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18. Comments moderation

A figurehead of web users on information websites, comments must be treated cautiously in web newsrooms. Moderating them allows creating and maintaining a community. They also bring information and expertise.

Room for comments

A common rule on the web states that, on an information website :

  • 90% web users read
  • 9% comment occasionally
  • 1% comment regularly and assiduously

Be mindful then not to mix up serial commenters and your actual community. This especially since among “regulars”, only a few comment more than once a day. Hence the strange feeling that some usernames come up all the time in comment threads.

Moderation systems

There are two ways to moderate comments. Moderation before publication is the most used. On traditional media websites, it’s often outsourced. Moderators check whether comments are courteous and whether they break any laws. Sometimes, writers deal with comments for their own articles. This allows a discussion between the newsroom and the readers. When a reader asks a question, the author can answer directly.

Post-moderation, after the comment has been published, is used more and more, thanks to the obligation for commenters to register and get an account on the website. Some websites actually make you register under your true identity, which makes for more serious contributions. In such case, journalists act as moderators, and the newsroom is properly involved.

Rules for good community moderation

The first rule is inspired by the NYPD’s broken windows theory. If you don’t replace broken glass, your street will quickly become chaotic, then end up a lawless place. Everyone will feel free to mess it up a little more. If you replace the windows, you’re sending a clear signal. It’s the same in a discussion thread : if journalists don’t intervene quickly, debate will get out of hand pretty fast. If they do, tensions will lower and web users will understand that Internet is also a public space in which you can’t be as offensive as you’d like.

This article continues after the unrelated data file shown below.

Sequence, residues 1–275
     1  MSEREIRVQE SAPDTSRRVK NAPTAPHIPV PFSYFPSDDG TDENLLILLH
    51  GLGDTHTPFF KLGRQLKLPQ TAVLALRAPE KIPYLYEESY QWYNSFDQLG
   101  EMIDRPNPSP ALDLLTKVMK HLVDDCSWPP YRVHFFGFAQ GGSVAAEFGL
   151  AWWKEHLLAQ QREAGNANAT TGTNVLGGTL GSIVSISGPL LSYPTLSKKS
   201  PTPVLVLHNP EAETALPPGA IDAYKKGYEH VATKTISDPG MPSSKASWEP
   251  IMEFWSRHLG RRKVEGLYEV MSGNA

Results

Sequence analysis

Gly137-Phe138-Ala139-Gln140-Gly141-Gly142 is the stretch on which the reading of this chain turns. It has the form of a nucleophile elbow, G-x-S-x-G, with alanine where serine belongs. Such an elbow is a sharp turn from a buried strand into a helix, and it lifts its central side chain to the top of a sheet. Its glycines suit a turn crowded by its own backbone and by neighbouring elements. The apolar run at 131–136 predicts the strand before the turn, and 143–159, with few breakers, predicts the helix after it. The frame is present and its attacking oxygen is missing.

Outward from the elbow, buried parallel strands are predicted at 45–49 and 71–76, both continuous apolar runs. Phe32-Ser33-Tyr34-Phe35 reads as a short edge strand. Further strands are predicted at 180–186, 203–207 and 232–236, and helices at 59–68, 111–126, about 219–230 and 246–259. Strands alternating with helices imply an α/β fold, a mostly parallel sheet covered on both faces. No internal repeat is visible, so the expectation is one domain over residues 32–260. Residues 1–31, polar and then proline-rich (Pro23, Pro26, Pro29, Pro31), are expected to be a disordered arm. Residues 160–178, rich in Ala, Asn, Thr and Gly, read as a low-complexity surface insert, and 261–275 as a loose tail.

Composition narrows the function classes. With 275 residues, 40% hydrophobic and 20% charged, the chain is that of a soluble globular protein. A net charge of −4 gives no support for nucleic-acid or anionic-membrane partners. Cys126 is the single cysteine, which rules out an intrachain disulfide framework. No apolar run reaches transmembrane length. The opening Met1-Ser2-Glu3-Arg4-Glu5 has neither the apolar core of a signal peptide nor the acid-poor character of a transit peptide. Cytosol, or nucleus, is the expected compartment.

Second rule : put some humor (and a lot of humility) in your discussions. This is basic web courtesy, also called “netiquette”, expected standard behavior on the Internet.

Third rule : don’t make yourself play the part of someone you’re not. Respect your character, how you discuss things, how you defend your point of view and your work. No one will mind. If you act like something you’re not, people will inevitably notice.

Fourth rule : if you’ve made a mistake or don’t know how to answer a question, admit it (it happens to everybody). No one will mind. However, if you start climbing your ivory tower against all reason, the blogosphere will react badly.

Fifth rule: defend your opinions and your work. The time for so-called journalistic objectivity has come and gone with the arrival of Web 2.0. As long as you do your job honestly and respect the principle of contradictory writing (giving pro and against arguments), no one will be mad because you’ve got your own point of view on the news

What to do with trolls ?

Trolls are anonymous commenters with only one goal in mind: ruining a discussion thread. Be they provocative, know-it-alls, aggressive or insulting, you must remember one rule: don’t feed the trolls ! If you start arguing with them you’re never going to be done because they only live to ruin the debate.